In 1978, four friends set out to buy a house in Napa, Calif., and quickly discovered that they couldn’t afford what they wanted. So they enlisted a larger network of friends—acquaintances, really—to chip in to buy an $850,000, 950-acre property that they broke into 17 shares.
“We set up this communal landowning experiment,” saysBob Dickinson, one of the property’s stakeholders and the owner ofFull Flood, a lighting design company. “We all were in our 20s or thereabouts, and we bought it—probably didn’t analyze it correctly—but got lucky. It turned out that we owned a piece of the most outstanding property, the kind people in California dream of.”
The land looks like someone’s idea of Napa: There are rolling fields, a vineyard, several bodies of water (“three of which are large enough that we call them lakes,” Dickinson says), and a compound of four houses that have a total of 15 bedrooms.
Now the ranch’s isolation could prove its biggest selling point. In October the group decided tolist the property as a single parcel, with Ginger Martin of Sotheby’s International Realty, for $25.5 million.
When it first came on the market, there were a few initial expressions of interest. Only in the weeks since the shutdown began have they received “serious inquiries from people who were looking for places to shelter,” Dickinson says. “Because the sheltering capabilities of this property are pretty magnificent: It’s miles off the country road, behind private gates, but it’s still just a little over an hour from San Francisco.”
Dickinson had planned to be at the ranch himself, but instead has been at his home in Palm Springs, Calif.. “As soon as travel is OK, though, I plan on going up there,” he says.
Developing the Land
When the group purchased the property, it had a few structures, none particularly notable. There were an 1890s-era farmhouse and a 1950s ranch house, each with three bedrooms. “Initially, we used it on a timeshare basis,” Dickinson says. “We’d come and go.” Apart from some barns and outbuildings, the land was largely untouched.
After about a decade, members of the group began to build houses of their own. Zoning didn’t allow for 17 lots with 17 houses, “so we developed this format for building what the county described as “disjointed homes,” Dickinson says. “A couple were built as pavilions that had a central gathering area, and another was built just as a large home, with a shared living room and kitchen.”
The houses are relatively close to one another, because “we wanted to stay as a village,” Dickinson says. The architects hired for each house “were able to design around the need for privacy, but you have to remember that the spirit of our little community was one of sharing.”
That spirit was dealt a body blow in 2017, when theAtlas Fire spread onto the ranch. Dickinson wasn’t there at the time, but he turned on his TV to watch “a live helicopter shot of my house burning down,” he says. “It was so surreal.” That loss, he continues, was part of “this perfect storm” that made him want to sell. “Having built the house once, I was just not keen enough to go through the process again.”
The Property Today
Despite the loss of two houses—the 1890s farmhouse also burned down—five homes remain, each in a different architectural style.
The 2,800-square-foot ranch house was updated after they bought the property. Nearby, an almost 1,000-square-foot one-bedroom, one-bath guest house has stucco siding and lies underneath a centuries-old oak tree. A 1,000-square-foot “artist house” also has one bedroom and one bathroom and is sited next to its own pond. A four-bedroom, Palladian-style, 3,200-square-foot home is set at the edge of a lake. And a hyper-contemporary house built in 2006 comprises three separate structures, with a total of five bedrooms spread across some 3,800 square feet.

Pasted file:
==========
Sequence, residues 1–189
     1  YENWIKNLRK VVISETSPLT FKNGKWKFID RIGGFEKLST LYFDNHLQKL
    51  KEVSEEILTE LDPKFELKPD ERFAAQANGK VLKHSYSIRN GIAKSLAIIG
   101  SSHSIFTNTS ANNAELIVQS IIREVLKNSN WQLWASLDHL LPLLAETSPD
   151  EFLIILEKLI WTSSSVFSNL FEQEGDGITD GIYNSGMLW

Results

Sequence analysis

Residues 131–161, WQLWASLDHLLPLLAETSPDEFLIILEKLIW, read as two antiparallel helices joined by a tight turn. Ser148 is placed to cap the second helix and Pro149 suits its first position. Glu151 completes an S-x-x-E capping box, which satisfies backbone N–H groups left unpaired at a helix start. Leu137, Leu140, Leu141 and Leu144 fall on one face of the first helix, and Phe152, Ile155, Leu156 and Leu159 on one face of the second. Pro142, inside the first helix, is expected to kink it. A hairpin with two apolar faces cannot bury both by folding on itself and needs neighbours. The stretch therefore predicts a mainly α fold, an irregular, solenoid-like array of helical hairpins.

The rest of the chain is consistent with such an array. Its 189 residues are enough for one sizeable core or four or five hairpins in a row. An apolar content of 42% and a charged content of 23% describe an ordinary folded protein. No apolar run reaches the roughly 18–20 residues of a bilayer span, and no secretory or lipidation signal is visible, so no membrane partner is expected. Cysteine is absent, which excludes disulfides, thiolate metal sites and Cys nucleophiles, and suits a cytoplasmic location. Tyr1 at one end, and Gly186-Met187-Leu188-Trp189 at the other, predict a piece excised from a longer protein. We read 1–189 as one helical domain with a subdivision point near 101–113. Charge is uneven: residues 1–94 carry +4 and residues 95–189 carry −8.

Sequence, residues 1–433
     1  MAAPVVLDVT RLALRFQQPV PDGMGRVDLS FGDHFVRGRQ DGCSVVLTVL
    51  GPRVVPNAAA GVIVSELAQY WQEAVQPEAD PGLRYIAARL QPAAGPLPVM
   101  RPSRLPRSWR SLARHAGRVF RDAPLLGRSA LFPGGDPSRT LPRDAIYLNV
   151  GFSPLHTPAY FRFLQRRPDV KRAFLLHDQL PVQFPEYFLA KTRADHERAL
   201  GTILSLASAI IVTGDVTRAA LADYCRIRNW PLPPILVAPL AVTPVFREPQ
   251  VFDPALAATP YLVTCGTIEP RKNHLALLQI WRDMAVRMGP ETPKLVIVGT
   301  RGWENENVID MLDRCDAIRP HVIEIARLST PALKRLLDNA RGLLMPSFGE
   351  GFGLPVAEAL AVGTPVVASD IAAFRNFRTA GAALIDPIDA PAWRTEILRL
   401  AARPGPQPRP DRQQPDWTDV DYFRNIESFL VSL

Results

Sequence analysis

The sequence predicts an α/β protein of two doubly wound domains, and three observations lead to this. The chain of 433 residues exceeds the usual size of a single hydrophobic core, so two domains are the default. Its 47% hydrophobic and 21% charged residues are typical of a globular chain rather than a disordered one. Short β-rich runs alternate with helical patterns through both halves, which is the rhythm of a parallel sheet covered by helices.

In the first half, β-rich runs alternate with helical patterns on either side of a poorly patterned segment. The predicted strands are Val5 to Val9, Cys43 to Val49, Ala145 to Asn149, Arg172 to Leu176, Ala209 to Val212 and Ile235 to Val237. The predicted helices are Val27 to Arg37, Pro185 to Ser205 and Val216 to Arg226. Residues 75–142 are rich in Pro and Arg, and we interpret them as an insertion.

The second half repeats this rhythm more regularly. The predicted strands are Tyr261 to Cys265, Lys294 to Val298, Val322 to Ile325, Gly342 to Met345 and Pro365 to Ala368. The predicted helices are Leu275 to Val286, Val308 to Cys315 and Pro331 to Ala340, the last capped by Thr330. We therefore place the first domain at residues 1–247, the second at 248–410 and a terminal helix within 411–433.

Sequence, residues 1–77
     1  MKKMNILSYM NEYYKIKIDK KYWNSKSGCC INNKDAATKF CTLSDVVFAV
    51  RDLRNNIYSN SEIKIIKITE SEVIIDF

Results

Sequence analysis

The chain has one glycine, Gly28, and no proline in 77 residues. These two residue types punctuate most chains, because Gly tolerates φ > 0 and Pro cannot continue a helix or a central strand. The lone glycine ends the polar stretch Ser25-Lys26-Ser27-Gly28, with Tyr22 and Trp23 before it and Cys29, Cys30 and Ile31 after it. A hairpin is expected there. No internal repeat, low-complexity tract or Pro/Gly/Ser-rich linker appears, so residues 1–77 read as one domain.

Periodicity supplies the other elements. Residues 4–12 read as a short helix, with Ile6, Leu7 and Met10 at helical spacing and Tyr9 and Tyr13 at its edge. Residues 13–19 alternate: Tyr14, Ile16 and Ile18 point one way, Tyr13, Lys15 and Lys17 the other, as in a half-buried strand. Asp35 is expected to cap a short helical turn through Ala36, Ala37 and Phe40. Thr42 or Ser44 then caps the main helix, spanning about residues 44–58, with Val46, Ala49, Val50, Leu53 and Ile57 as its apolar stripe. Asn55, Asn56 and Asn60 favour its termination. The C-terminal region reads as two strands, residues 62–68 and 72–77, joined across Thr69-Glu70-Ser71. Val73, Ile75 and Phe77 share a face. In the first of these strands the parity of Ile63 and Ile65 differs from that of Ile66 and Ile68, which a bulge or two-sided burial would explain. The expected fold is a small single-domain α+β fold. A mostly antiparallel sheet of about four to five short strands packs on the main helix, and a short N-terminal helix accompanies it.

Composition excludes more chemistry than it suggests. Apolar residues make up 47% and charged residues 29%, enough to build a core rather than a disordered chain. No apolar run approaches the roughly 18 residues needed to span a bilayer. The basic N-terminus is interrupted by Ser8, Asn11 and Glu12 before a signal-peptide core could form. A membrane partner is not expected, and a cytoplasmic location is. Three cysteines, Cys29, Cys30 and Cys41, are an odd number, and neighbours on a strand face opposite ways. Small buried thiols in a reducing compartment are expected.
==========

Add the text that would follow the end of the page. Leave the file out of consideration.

“The existing structures are architecturally significant, and there’s already a fair amount of square footage up there,” Dickinson says. “But because of the fire, there are two building parcels that are good to go, if someone wants to build their own structures, too. It offers an awful lot.”
There are also acres of vineyards, which are harvested by winemaker John Lockwood for his Enfield Wine Co. Much of the remaining land is grazed on by cattle owned by a boutique, grass-fed beef operation, Five Dot.
Because the ranch was designed for communal living, it has almost everything a person or family could hope for when sheltering in place.
In a state not known for an abundance of water, the Green Valley Ranch has a surfeit: “Not only surface water, with our lakes,” Dickinson says, “but our groundwater is really good. Well water can be dodgy, but ours is great.” There are already gardens—vegetable and otherwise—and multiple homes offer varying degrees of solar power.
The ranch isn’t quite off the grid, Dickinson says, “but it could be a self-sufficient environment rather easily, which I think will make it attractive to certain people.” He suggests that additional solar panels could be quickly obtained, noting that the group hasn’t begun to explore the potential of wind energy.
The ranch lies only 15 minutes from downtown Napa, but it’s still off the beaten track, which, Dickinson says, is proving a selling point. “It has this incredible potential to be securely isolated but not incredibly remote,” he says. “To get away, you don’t have to go to the middle of Wyoming or wherever.”
Dickinson already misses the place. “Every year, we have a ‘high spring’ day, usually the first Sunday in May,” he explains. “Hundreds of friends come up and swim in the lake and picnic, and we have music, and it’s a wonderful expression of the spirit of what our ranch has been.” During the Covid-19 pandemic, he continues, “like everyone else, this, too, has fallen by the wayside.”
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